October 12, 2020
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Why Socialism Often Leads to Tyranny

Why Socialism Often Leads to Tyranny

There is plenty of anecdotal evidence that communism leads to tyranny. Mention the countries North Korea, Cuba, the Soviet Union, Mao Tse Tung’s China, East Germany, and Venezuela, and most people immediately think of an oppressed population with almost no economic opportunity and no political freedom. The words communist dictatorship roll off the tongue like the two words have gone together forever. In fact, in an extreme irony, communism, ostensibly the most egalitarian form of government, in two cases led to the least egalitarian form of government: royalty or the rule of one family over time. The Kim family in North Korea and the Castros in Cuba have been ruling their countries like the kings and queens of old for some time.

Sometimes it is argued that the personalities involved lead to tyranny, not communism or socialism. Joseph Stalin, Mao Tse Tung, Fidel Castro, Erich Honecker, and Pol Pot are all bad people, but the personalities at the top matter little. Once a communist form of government is established, tyranny is the only result, regardless of which government official Game of Thrones’d their way to the top. Let’s examine the causal links that make communism a living hell for the people who have to live with it.

The good news is you are entitled to housing, education, health care, and food. But that doesn’t mean people no longer have to work. The Soviet Constitution of 1936-Article 12 stated that “Labor in USSR is a duty and honorable obligation of each able citizen according to the principle: ‘Those who don’t work—don’t eat.’” A government that controls everything can quash dissent by changing the economic situation of anyone who is pointing out their defects.

If you persisted in demanding your right not to work, you wound up in the gulag, so thank God you live in a free enterprise, democratic society.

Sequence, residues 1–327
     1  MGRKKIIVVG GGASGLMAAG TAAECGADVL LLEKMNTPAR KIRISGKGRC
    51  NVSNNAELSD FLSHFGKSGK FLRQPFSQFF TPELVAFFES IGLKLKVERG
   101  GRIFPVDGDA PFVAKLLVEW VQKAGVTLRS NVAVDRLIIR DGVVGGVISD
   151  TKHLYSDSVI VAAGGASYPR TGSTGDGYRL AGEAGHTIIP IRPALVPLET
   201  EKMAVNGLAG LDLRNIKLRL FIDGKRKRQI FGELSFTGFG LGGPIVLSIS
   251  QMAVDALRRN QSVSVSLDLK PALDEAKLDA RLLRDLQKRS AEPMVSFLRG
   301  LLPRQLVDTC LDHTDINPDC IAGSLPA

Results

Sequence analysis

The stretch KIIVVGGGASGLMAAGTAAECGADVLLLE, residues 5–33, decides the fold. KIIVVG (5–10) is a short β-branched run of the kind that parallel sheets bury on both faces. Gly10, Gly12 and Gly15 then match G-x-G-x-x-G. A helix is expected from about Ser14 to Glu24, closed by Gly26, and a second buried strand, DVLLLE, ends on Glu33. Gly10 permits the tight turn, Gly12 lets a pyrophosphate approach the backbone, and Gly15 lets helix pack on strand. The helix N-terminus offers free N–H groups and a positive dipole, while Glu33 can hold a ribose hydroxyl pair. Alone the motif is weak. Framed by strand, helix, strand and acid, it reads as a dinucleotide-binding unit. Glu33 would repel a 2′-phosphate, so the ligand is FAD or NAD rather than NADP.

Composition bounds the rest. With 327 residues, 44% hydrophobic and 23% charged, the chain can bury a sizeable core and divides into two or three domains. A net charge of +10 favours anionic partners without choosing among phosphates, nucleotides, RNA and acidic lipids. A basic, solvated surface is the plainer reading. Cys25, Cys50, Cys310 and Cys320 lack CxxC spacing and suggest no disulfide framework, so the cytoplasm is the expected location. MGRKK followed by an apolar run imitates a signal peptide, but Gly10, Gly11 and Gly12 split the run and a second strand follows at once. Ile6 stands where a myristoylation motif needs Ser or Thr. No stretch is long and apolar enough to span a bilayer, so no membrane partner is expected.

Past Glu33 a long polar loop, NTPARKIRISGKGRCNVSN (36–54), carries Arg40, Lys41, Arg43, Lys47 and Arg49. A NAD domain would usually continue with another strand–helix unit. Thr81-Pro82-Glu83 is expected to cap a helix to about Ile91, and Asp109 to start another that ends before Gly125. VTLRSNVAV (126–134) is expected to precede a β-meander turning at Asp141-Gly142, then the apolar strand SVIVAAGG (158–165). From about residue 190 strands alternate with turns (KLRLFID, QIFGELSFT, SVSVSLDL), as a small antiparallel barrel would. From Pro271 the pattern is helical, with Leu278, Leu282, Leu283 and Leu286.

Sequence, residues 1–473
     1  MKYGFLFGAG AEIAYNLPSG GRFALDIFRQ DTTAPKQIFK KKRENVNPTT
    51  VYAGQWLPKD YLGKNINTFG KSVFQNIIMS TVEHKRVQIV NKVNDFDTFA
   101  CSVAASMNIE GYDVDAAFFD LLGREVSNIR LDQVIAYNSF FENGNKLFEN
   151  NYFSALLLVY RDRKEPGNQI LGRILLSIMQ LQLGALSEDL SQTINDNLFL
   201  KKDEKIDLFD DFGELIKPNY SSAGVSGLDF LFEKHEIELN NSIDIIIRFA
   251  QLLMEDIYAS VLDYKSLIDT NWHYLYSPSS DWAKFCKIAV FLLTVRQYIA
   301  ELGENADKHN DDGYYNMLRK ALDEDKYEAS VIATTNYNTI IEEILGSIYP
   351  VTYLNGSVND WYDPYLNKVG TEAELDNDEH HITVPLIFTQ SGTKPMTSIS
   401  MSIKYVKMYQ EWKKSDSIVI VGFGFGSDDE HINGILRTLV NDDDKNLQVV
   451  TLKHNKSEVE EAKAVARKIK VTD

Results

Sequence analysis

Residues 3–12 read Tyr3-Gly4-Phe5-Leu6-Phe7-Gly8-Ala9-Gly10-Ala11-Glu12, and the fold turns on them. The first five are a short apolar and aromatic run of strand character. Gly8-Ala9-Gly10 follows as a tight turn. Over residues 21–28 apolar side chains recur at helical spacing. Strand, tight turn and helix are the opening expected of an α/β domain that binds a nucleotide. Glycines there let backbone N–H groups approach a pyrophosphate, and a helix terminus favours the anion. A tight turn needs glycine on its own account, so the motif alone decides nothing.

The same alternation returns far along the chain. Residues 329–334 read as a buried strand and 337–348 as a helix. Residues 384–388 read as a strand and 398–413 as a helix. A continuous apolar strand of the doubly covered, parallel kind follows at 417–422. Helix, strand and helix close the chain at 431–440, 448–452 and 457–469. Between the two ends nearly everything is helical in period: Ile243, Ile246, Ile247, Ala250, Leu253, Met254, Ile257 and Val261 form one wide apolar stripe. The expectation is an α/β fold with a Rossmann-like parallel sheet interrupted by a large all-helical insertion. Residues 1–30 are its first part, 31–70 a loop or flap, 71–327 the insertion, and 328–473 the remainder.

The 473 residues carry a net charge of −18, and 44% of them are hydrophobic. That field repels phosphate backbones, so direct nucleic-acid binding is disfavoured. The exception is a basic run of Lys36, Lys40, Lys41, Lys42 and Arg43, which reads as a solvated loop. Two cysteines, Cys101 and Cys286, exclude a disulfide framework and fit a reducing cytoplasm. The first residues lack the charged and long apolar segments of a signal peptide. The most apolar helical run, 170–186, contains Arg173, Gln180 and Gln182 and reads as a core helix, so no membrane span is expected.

The real issue that needs to be addressed here is that a government that controls everything can quash dissent by changing the economic situation of anyone who is pointing out their defects or is involved with the opposition. In a communist society, all jobs, all levels of education, the national police, the medical system, the judicial system, the electoral system, the housing stock, the food distribution system, the military, the press, and all forms of transportation are controlled by the central government.

Write an insightful article about how a local government official is making a huge mistake (if you can find a computer to write it on), and you may find your apartment changed to the worst one available in a city where you don’t want to live. You could be reassigned from the job you trained years to get. For those of you who think the government using the medical system to advance its own interests is the fevered paranoia of a deranged libertarian, I would remind you that the Hong Kong protestors have developed a separate medical network rather than use public hospitals.

When most of us interface with the outside world, we expect the highest possible pay for the work we do, and when we buy things, we expect the highest quality at the lowest possible price. Economics adds up those personal tendencies over millions of people in large, complex societies and comes up with a few simple rules that describe economic behavior. Supply and demand, marginal revenue and marginal cost, the theory of money, and specialization and exchange are really just simple rules that take all people’s actions and abilities into account and arrive at a solution that balances the overall societal equation.

Communists and socialists don’t like these simple economic rules and come up with their own, such as “from each according to his ability, to each according to his needs” (your needs are generally unlimited), which conflicts with human nature. When you implement policies that conflict with human nature, you have to use force to implement them.

Stalin privately admitted that 10 million people died, either from starvation or resistance to the forced farm collectivization.

One example of arbitrary socialist economics is Venezuelan President Nicolas Maduro’s drastic intervention in the electronics businesses of Venezuela in 2013. The government of Venezuela basically arrested the managers of one electronics store chain and forced the company to sell its products at lower prices. A few people got a cheap television on a one-time basis thanks to coercive government intervention, but you can bet that any ability to buy quality electronics at a good price in Venezuela is now gone.